Minnesota will then use the De-Fluoro system, an electrochemical approach marketed by AECOM, to attempt to destroy the PFAS in its frothy concentrate.
The state has faced a decades-long PFAS contamination problem in the eastern part of the Twin Cities where Maplewood-based 3M, one of the original developers and manufacturers of PFAS, polluted groundwater with landfills and leaky disposal sites. Money from a lawsuit the state settled with 3M in 2018 is paying for the work being done today with AECOM.
3M recently announced that it stop using the chemicals in its products by 2025. But the challenge of clean up what has already escaped into the environment remains.
The De-Fluoro unit is “still very extensively field tested,” Tarara said. The unit will be tested at the Washington County landfill for up to six weeks, where it will process PFAS concentrate collected by the state, but Tarara and state officials were cautious in describing what the De -Fluoro can do. Rebecca Higgins, senior hydrogeologist at MPCA, previously told the Star Tribune that De-Fluoro may only be able to break long-chain PFAS into shorter segments rather than destroying them.
State officials have also said they want to test other technologies. Cournoyer wrote that any additional systems would be selected according to state procurement rules, and officials will also search the scientific literature for reports of other technologies.
But the world of PFAS destruction is rife with proprietary methods and nondisclosure agreements, making it difficult to gauge what actually works. A notable exception is a study published in the journal Science last year, where researchers boiled the chemicals with two other compounds over low heat. But the method is still in laboratory testing.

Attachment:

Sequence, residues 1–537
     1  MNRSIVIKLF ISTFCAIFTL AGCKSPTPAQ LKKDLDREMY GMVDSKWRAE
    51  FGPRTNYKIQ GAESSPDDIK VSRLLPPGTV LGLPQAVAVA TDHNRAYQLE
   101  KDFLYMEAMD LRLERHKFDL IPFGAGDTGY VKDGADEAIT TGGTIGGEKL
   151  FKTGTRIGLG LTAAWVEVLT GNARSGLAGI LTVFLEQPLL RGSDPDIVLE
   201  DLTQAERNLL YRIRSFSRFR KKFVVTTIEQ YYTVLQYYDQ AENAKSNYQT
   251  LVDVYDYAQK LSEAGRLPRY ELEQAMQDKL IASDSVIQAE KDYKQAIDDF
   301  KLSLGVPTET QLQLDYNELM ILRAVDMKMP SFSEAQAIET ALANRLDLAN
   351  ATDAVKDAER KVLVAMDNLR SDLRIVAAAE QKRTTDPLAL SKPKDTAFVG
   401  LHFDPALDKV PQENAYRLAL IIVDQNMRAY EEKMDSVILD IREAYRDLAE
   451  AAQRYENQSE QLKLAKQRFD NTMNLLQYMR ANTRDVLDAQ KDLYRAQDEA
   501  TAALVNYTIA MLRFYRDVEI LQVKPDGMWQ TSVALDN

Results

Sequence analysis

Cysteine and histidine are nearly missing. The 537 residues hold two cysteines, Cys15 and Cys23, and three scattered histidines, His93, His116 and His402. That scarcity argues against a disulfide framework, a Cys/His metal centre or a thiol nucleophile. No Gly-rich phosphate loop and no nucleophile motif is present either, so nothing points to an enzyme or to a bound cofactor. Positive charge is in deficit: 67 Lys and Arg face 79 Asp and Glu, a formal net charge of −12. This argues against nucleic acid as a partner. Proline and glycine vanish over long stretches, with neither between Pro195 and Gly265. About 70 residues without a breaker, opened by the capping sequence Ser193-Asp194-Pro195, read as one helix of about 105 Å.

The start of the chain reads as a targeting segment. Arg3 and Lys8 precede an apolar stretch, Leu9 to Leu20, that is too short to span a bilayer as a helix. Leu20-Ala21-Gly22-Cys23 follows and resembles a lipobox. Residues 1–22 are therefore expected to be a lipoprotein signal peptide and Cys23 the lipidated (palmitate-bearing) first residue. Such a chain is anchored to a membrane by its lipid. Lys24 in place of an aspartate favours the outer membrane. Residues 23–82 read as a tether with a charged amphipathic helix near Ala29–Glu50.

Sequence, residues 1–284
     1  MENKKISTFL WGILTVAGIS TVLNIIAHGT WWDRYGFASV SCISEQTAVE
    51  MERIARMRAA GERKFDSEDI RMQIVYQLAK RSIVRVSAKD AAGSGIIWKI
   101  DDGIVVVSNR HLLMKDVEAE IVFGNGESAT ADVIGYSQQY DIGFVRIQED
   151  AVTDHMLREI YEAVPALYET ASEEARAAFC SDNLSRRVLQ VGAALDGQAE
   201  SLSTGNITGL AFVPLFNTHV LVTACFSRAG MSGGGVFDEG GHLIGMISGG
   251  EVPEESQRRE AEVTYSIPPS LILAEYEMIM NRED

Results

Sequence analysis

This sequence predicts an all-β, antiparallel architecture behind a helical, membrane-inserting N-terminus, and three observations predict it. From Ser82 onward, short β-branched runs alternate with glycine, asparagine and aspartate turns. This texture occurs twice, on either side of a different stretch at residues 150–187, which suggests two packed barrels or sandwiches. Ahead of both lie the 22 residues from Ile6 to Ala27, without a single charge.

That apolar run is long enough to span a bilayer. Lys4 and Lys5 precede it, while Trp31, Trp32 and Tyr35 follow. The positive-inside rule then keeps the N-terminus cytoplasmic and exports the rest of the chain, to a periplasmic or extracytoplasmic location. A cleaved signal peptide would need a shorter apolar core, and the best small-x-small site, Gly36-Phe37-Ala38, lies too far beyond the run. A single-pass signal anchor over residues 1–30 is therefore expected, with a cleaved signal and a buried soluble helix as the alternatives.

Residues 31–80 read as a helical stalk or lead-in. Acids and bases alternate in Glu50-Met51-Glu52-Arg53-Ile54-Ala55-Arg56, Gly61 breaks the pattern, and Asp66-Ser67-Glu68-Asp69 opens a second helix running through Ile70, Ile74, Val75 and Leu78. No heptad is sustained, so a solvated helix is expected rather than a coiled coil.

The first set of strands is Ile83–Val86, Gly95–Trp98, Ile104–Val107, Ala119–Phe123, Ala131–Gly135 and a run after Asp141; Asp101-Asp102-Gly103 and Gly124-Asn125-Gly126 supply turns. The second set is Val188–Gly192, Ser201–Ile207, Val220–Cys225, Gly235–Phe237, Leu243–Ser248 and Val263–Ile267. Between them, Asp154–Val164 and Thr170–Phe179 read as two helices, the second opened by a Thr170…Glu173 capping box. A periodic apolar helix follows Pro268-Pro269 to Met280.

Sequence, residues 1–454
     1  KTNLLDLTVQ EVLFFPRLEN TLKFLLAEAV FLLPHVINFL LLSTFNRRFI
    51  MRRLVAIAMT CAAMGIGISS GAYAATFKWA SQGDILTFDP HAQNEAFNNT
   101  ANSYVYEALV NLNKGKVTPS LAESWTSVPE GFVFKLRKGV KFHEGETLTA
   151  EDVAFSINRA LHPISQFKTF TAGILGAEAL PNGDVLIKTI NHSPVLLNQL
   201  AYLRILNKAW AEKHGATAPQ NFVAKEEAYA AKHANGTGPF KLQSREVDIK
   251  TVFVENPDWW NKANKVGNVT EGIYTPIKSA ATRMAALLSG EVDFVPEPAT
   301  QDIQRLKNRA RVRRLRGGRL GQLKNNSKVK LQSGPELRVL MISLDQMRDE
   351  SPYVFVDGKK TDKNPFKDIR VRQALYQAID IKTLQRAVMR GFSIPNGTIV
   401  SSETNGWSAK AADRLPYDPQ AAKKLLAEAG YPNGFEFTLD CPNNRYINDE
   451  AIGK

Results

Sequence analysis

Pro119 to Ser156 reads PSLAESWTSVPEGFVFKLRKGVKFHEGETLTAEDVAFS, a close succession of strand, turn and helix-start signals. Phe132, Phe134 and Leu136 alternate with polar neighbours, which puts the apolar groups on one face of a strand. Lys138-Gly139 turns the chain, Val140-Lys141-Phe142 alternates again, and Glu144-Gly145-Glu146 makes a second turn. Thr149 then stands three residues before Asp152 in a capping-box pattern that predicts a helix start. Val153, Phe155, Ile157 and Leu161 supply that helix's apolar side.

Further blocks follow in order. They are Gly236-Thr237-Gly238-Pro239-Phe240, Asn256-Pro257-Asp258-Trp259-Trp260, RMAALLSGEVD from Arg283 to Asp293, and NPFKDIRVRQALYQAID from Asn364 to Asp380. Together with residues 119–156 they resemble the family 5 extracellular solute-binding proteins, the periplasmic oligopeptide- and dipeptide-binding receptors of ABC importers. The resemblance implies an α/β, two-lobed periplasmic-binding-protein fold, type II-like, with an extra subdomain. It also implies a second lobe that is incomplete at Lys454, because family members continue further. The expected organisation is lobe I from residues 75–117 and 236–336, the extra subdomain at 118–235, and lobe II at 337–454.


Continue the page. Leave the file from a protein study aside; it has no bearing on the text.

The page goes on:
Companies like Claros Technologies, a Minnesota-based startup, typically don’t know who exactly owns the PFAS waste they’re experimenting on because those partners may have legal liabilities. It is therefore difficult to validate the results announced by the company: 99.9% to 99.99% destruction of PFAS when treated with UV light and an additive.
These tests for Claros are also not verified in peer-reviewed scientific journals, as the process is proprietary.
John Brockgreitens, director of research and development for Claros, said the company hopes to one day process tens of thousands of gallons of liquid per day. But he admitted it’s difficult to answer detailed questions about the results of the company’s photochemical method.
“We talk to teams of scientists and they ask us the same thing,” he said. “Walking this line is a challenge.”
Theriault, who said his company remains “agnostic” about the technologies it recommends to its customers, said Arcadis has partnered with Claros and their method “definitely showed promise” to be useful in more applications than some other methods.
“There’s no single technology that’s going to crush it on every level,” Theriault said.
But for communities dealing with pollution, the technologies can’t come soon enough, because current waste treatment methods don’t contain the chemicals.
“Any landfill will fail, no matter how constructed,” said Rainer Lohmann, director of the University of Rhode Island’s STEEP Laboratory and an authority on PFAS contamination.
Many landfills no longer accept waste known to be contaminated with PFAS, sources said.
And until a regulatory body like the Environmental Protection Agency sets standards for how PFAS should be destroyed, there is no official benchmark for new technologies, said Lohmann.
“Does it destroy 95%? 99%? What do you do with the rest? said Lohmann.